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Honestly tracks don't do what most of us who are used to SCM systems like git would prefer.  There is no diff / merge capability at this time, so you can create a patch in one branch and then "merge" it into another.  There really isn't a good way to use tracks for concurrent development as they are implemented today.

What they are good for is for creating a patch to production.  Since you can create a track from a snapshot, if you need to create a patch for your production system you can create a track for that patch, fix and test your code, then make a new snapshot for promotion and testing.  Unfortunately if the items you modified have been modified in your "main" branch as part of,say, the next release, then whatever you did in your track will need to be manually duplicated in main.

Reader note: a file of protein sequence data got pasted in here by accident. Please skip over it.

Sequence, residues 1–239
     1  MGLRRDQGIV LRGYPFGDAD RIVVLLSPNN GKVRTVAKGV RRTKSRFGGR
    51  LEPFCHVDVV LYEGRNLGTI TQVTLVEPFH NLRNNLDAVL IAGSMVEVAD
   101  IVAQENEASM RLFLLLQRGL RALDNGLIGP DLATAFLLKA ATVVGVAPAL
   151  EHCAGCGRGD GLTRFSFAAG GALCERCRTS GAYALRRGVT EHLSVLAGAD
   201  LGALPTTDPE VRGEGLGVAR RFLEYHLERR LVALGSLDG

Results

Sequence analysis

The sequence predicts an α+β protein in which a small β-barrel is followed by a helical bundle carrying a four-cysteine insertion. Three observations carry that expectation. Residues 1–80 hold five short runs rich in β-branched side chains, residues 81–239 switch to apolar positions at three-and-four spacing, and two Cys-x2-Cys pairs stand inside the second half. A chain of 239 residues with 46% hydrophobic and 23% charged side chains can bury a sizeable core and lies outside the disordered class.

If the item you modified as your fix in main are unchanged, you can copy the modified items back to the main track (actually you can do this anyway, but you will over write the other changes done in that track)

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